If you've recovered from your fit over the Twitter battle between Kanye West and Wiz Khalifa
that eclipsed all other content on the internet this week, you should probably reacquaint yourself with the outside world because it's the weekend again! Below, find suggestion on how to do just that.
If Young Metro don’t trust you/I’m gon’ shoot you
, Future croons softly before the beat drops on his now-iconic hit with Drake, “Jumpman,” from their collaborative 2015 mixtape What a Time to be Alive
. Metro Boomin, the 22-year-old Atlanta producer who made the majority of the beats on WATTBA
, also gets plenty of shout-outs on Future’s brand new tape, Purple Reign
. A sample of one of Drake’s lines from “Digital Dash,” Esco and Boomin/They got it on smash
, echoes throughout the thirteen-track project, giving due credit to one of the key architects of Future’s sound. These endorsements from Future and other established artists have revolutionized Metro Boomin’s career, making him one of the most sought-after beatmakers in the industry — and for good reason. His hit-making ability, so far, has been bulletproof. Metro Boomin DJs at 1015 Folsom in San Francisco on January 29.
— Nastia Voynovskaya
Fri., Jan. 29, 10 p.m. $25. 1015.com
Gene Yang at Escapist
STEPHEN LOEWINSOHN/ FILE
Gene Yang (L).
Oakland native Gene Yang was recently named the National Ambassador for Young People’s Literature by the Library of Congress. The honor is deserved. His most famous graphic novel is American Born Chinese, a profound yet accessible meditation on the experience of being Asian American that ends in a revelatory plot twist. His other books include Avatar Last Airbender, Level Up, Boxers and Saints, The Shadow Hero, and most recently, Secret Coders. He also currently writes Superman for Marvel Comics. You may or may not have heard of that one. Yang will be at Escapist Comics (3090 Claremont Ave., Berkeley) on January 30 at 2 p.m. to sign books, talk about his work, and give a talk on how to break into the comic industry. For anyone interested in a graphic novel career, or is just a fan of Yang, this event will be a treat. — Sarah Burke
Sat., Jan. 30. Free. EscapistComics.com
SFBW: Beer & Soul
As this year’s bigger-and-better-than-ever edition of SF Beer Week winds down, head over to The Good Hop (2421 Telegraph Ave., Oakland), the Uptown Oakland beer bar and bottle shop, for one last hurrah on Saturday. For this evening of “Beer & Soul,” freelance beer guru Sayre Piotrkowski has put together a selection of six beers from the Nevada City-based Ol’ Republic Brewery — which Piotrkowski touts as California’s best brewer of lagers — to pair with soul food dishes provided by the Kenny’s Heart and Soul food truck. (Yes, there will be riblets and barbecue pork mac ’n’ cheese.) To cap off the festivities, Ben Love, the owner and brewmaster at Portland’s Gigantic Brewing, will be on-hand to DJ. Fittingly, some of those Gigantic beers will also be available on tap. — Luke Tsai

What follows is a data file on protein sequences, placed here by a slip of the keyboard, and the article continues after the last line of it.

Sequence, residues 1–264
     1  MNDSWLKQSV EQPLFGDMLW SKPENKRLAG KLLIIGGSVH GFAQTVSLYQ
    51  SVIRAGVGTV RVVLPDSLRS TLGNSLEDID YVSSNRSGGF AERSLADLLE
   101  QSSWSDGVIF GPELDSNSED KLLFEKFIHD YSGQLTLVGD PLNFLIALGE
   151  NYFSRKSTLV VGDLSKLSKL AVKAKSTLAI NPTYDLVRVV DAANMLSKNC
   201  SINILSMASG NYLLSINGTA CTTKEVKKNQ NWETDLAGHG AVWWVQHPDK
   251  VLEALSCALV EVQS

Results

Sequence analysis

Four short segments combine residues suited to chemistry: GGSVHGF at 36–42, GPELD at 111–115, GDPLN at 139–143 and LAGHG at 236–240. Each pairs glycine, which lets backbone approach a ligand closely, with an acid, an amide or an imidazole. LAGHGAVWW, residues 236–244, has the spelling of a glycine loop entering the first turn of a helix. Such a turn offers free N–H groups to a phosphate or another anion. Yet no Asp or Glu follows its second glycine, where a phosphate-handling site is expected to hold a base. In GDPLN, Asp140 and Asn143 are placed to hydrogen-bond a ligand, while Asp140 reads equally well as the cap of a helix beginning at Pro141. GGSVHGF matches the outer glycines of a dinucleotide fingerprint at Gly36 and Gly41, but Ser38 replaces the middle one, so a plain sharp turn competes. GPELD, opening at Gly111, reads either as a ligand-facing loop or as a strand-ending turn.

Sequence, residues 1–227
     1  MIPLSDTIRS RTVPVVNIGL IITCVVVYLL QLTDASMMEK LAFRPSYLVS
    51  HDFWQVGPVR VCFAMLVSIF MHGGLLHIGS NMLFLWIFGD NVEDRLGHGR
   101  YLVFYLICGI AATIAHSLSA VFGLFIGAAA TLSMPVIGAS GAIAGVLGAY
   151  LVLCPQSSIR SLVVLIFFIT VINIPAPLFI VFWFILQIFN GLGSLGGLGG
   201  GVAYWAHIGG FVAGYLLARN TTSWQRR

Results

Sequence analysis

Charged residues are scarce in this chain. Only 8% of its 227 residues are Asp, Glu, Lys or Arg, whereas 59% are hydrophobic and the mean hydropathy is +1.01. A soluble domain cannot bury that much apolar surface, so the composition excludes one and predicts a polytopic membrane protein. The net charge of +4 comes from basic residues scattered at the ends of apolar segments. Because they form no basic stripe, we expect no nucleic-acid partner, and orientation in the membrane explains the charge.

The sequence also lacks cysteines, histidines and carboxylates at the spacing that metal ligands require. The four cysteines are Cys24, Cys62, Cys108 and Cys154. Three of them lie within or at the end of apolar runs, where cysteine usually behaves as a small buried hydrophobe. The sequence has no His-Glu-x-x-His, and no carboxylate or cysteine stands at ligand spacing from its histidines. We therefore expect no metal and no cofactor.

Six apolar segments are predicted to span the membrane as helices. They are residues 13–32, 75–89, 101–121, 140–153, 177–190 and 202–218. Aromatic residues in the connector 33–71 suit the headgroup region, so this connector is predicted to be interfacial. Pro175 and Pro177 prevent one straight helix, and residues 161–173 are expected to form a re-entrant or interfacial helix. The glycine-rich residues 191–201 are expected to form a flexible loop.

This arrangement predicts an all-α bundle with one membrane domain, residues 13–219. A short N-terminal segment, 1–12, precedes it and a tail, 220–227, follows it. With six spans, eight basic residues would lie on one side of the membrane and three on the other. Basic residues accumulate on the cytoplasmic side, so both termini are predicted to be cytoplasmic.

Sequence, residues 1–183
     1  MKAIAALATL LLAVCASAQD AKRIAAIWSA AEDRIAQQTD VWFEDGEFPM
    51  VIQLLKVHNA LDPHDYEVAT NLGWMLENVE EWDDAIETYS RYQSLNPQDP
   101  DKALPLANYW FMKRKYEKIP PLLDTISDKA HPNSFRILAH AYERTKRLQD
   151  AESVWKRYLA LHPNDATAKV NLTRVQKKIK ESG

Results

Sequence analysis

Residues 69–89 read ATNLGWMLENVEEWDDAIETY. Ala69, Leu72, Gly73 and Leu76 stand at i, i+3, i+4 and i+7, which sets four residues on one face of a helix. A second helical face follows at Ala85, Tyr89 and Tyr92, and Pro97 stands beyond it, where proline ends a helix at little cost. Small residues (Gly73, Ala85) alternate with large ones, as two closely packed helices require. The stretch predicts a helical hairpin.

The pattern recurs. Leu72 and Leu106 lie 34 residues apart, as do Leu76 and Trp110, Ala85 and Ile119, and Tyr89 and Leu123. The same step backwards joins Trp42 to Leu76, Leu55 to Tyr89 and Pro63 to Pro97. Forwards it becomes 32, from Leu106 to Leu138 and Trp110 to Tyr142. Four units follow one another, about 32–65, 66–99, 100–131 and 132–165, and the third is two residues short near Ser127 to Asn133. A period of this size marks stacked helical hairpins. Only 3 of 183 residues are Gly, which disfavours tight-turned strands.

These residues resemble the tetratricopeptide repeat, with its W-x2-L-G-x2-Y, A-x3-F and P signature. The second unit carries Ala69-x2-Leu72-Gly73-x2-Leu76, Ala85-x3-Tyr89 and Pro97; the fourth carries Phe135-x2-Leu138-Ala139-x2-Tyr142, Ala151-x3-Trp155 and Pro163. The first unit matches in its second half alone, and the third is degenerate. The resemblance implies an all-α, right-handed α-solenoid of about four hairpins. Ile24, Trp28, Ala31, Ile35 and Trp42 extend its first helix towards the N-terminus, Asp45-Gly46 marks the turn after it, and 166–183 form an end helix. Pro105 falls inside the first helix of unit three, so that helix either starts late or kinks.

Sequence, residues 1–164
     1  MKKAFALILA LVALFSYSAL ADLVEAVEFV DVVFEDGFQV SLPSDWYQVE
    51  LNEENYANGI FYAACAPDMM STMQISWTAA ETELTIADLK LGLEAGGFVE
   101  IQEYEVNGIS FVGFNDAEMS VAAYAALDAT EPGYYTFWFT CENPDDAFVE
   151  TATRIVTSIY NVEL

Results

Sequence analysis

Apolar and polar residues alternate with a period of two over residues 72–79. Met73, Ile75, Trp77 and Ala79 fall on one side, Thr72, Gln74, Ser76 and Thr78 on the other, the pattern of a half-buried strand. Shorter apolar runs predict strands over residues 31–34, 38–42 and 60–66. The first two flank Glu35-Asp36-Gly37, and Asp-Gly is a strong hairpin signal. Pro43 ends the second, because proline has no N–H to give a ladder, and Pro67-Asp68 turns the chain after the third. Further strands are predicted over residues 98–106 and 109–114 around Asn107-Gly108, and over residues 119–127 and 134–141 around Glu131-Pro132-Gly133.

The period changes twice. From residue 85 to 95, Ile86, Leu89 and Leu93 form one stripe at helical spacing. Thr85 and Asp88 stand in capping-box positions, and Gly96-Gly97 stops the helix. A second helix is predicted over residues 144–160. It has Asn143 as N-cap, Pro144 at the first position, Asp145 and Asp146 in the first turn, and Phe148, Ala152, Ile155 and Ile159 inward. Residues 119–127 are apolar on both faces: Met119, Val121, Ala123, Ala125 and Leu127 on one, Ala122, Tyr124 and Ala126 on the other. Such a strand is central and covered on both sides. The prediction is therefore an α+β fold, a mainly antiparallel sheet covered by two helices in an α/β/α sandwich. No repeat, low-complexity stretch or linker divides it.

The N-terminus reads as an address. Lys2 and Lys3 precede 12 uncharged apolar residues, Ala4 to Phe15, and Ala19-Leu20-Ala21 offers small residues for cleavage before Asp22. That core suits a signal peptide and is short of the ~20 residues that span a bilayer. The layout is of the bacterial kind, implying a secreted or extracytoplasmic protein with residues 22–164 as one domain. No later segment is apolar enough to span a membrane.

Sat., Jan. 30, 3-11 p.m. a la carte. TheGoodHop.com
The work of Maria Guzmán Capron.
Last month, I wrote about the newly established CTRL+SHFT collective, a democratic group of fourteen female artists sharing studio space and curating shows in a warehouse in West Oakland (see “Collective Control,” 12/16). From January 29 through February 19, you’ll be able to visit the space and get to know the artists’ work, which spans a variety of media. Soft Serve
, the first show in the CTRL+SHFT gallery (1430 34th St., Oakland), will be a showcase of work from the collective members: Megan Reed, Addy Rabinovitch, Beryl Bevilacque, Channing Morgan, Danielle Genzel, Erica Molesworth, Katy Crocker, Jessica Hubbard, Maria Guzmán Capron, Andrea Fritsch, Eden Redmond, Sofie Ramos, C.A. Greenlee, and Yerin Kim. It’s also meant to reflect the spontaneously collaborative ethos of the space. “Finality is not the goal,” reads the exhibition statement. “Furthermore, performative interventions between the artists, audience, and exhibition are expected during the opening night.” — S. B.
Opening reception on Fri., Jan. 29, 6 p.m. Show through Feb. 19. Free. CtrlShftCollective.com
The Soft Moon
Take me far away/To escape myself/I was born to suffer
The Soft Moon.
, sings Luis Vasquez on "Far." The track is from his new album, Deeper,
a synth-driven dance pop record with gloomy, industrial overtones that constitutes his third full-length release under the moniker The Soft Moon.
Vasquez' washed-out voice floats over the jittery synth riffs and pounding beat of "Far" with unexpected clarity, bringing his self-reflective lyrics to the fore. The song's opening lines reference the period of self-imposed isolation that Vasquez went through to write Deeper
, which he described in a recent interview as his most introspective work to date.
Formerly based in Oakland — where he started The Soft Moon and built a large, international following — he temporarily relocated to Venice, Italy in 2012 to work on the album. After its completion, he moved to Berlin, where he'll stay for the foreseeable future, he said. However, he travels frequently: At the time of our interview earlier this month, he had embarked on a North American tour to promote the new release. On January 29, he'll play his first hometown show in years at The New Parish. — N. V. (Read the full story here.)
Fri., Jan. 29, 9 p.m. The New Parish (1741 San Pablo Ave., Oakland). $13, $16. TheSoftMoon.com
If your pockets are feelin' light and you're still yearning for more suggestions, we've got a ton, and these ones are all FREE!
We're Hungry: Got any East Bay news, events, video, or miscellany we should know about? Feed us at Sarah.Burke@EastBayExpress.com.